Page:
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3.1. Legal aspects of EEA accession

Membership of the European Union implies full acceptance of the EU’s existing body of legislation, the so-called acquis communautaire. This acquis, covering all EU commitments and policies, such as the Agreement on the European Economic Area, should be applied by the candidate countries of Central and Eastern Europe at the time of their EU accession. As for the EEA, the candidates will adhere to it in any case after their EU accession. The legal basis for this is given in article 128 of the EEA Agreement:

  1. "Any European state becoming a member of the Community shall, or becoming a member of EFTA may, apply to become a party to this agreement. It shall address its application to the EEA Council.
  2. The terms and conditions for such participation shall be subject of an agreement between the contracting parties and the applicant state. That agreement shall be submitted for ratification or approval by all contracting parties in accordance with their own procedures."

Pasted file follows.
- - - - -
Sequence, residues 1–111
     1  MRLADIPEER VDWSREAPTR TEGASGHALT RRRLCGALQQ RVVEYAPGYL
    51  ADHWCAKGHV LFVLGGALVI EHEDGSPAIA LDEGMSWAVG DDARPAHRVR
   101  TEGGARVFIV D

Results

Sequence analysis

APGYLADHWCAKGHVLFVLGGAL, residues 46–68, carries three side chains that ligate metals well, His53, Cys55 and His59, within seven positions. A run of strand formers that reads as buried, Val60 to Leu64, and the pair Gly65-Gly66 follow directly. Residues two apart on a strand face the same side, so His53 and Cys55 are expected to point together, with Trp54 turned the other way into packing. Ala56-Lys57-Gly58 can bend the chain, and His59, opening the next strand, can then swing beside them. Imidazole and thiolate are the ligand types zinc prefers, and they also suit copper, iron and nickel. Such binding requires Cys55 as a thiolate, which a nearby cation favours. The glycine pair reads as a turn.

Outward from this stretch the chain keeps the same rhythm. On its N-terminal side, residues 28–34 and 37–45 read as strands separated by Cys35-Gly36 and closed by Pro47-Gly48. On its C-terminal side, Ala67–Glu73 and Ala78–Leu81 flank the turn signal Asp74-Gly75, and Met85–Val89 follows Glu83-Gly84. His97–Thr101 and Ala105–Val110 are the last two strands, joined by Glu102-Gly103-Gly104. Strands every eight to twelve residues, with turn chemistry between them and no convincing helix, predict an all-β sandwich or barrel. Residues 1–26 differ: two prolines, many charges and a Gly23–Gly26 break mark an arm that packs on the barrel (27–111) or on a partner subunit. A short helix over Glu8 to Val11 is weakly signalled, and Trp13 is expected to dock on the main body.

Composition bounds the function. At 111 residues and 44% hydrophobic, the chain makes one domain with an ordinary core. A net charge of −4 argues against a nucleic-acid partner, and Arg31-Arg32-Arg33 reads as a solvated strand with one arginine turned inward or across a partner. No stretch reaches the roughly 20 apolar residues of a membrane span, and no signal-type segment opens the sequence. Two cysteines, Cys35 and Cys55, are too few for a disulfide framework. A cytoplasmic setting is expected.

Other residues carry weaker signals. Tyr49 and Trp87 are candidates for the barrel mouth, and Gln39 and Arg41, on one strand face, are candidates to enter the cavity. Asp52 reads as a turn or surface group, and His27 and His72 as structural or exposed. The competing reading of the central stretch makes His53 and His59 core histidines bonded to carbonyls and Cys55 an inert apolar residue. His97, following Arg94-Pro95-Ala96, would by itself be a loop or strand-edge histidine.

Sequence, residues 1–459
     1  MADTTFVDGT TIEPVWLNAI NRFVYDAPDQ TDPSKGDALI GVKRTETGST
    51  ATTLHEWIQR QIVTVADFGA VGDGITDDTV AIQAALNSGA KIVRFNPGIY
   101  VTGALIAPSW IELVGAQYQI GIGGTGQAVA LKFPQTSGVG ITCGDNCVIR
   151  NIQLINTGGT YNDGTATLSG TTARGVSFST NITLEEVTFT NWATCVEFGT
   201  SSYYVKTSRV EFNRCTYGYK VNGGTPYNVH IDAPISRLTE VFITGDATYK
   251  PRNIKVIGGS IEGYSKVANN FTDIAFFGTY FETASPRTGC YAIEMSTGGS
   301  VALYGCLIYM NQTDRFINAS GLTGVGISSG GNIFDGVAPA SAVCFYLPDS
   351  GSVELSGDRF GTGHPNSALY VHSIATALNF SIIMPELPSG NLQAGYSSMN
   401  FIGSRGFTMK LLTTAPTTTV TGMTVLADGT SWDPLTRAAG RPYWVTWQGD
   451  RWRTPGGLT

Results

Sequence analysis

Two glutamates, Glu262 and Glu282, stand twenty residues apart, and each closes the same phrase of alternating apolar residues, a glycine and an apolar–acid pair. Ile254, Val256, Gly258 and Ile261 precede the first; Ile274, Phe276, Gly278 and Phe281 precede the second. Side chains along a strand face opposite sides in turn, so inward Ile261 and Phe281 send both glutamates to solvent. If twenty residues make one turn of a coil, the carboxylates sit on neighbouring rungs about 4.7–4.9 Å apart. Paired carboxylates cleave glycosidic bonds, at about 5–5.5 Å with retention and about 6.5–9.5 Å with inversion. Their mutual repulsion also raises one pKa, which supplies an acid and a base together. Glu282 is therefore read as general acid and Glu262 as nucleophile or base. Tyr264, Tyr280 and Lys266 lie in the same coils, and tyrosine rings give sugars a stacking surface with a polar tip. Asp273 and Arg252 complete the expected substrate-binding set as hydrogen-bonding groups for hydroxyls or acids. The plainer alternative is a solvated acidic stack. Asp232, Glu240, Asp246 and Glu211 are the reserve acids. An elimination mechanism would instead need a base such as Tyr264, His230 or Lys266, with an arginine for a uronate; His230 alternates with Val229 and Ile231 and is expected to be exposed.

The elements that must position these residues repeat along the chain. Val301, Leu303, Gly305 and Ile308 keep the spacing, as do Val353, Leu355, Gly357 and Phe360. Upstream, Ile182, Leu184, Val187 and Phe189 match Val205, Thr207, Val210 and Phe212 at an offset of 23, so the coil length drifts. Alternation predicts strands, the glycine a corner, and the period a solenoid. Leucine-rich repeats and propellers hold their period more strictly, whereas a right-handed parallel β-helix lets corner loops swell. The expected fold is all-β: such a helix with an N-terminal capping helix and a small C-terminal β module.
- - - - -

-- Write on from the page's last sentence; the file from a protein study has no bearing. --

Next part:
Basically, the EEA accession of the candidates is a just matter of extending the internal market. The fact that acceding countries have to apply to become members of the EEA arrangement as well means nevertheless that everything that has been agreed with the candidates during the negotiations will concern the three EEA-EFTA states as well, as far as EEA related matters are concerned. Any transitional arrangements on EEA relevant issues in the enlargement negotiations will thus concern the EEA-EFTA side as well. The results of the accession negotiations, e.g. transitional periods and exceptions, should normally apply to both EEA-EFTA and EU sides alike. If problems would arisem for example as regards transitional periods, they could possibly also be negotiated with the EEA-EFTA states.

The acquis screening has revealed that the candidates are willing to apply it; yet the question is, whether they will be able to cope with its implementation and application, given the insufficient administrative and legal structures in many of the candidate countries. The starting point being the unconditional application of the EU acquis, transitional periods are merely the only way of supporting the efforts of the acceding countries. In any case, the Commission has reminded the candidate countries, during the acquis screening, that a state becoming a member of the European Union, should request accession to the EEA Agreement as well.

3.2. Previous EFTA enlargement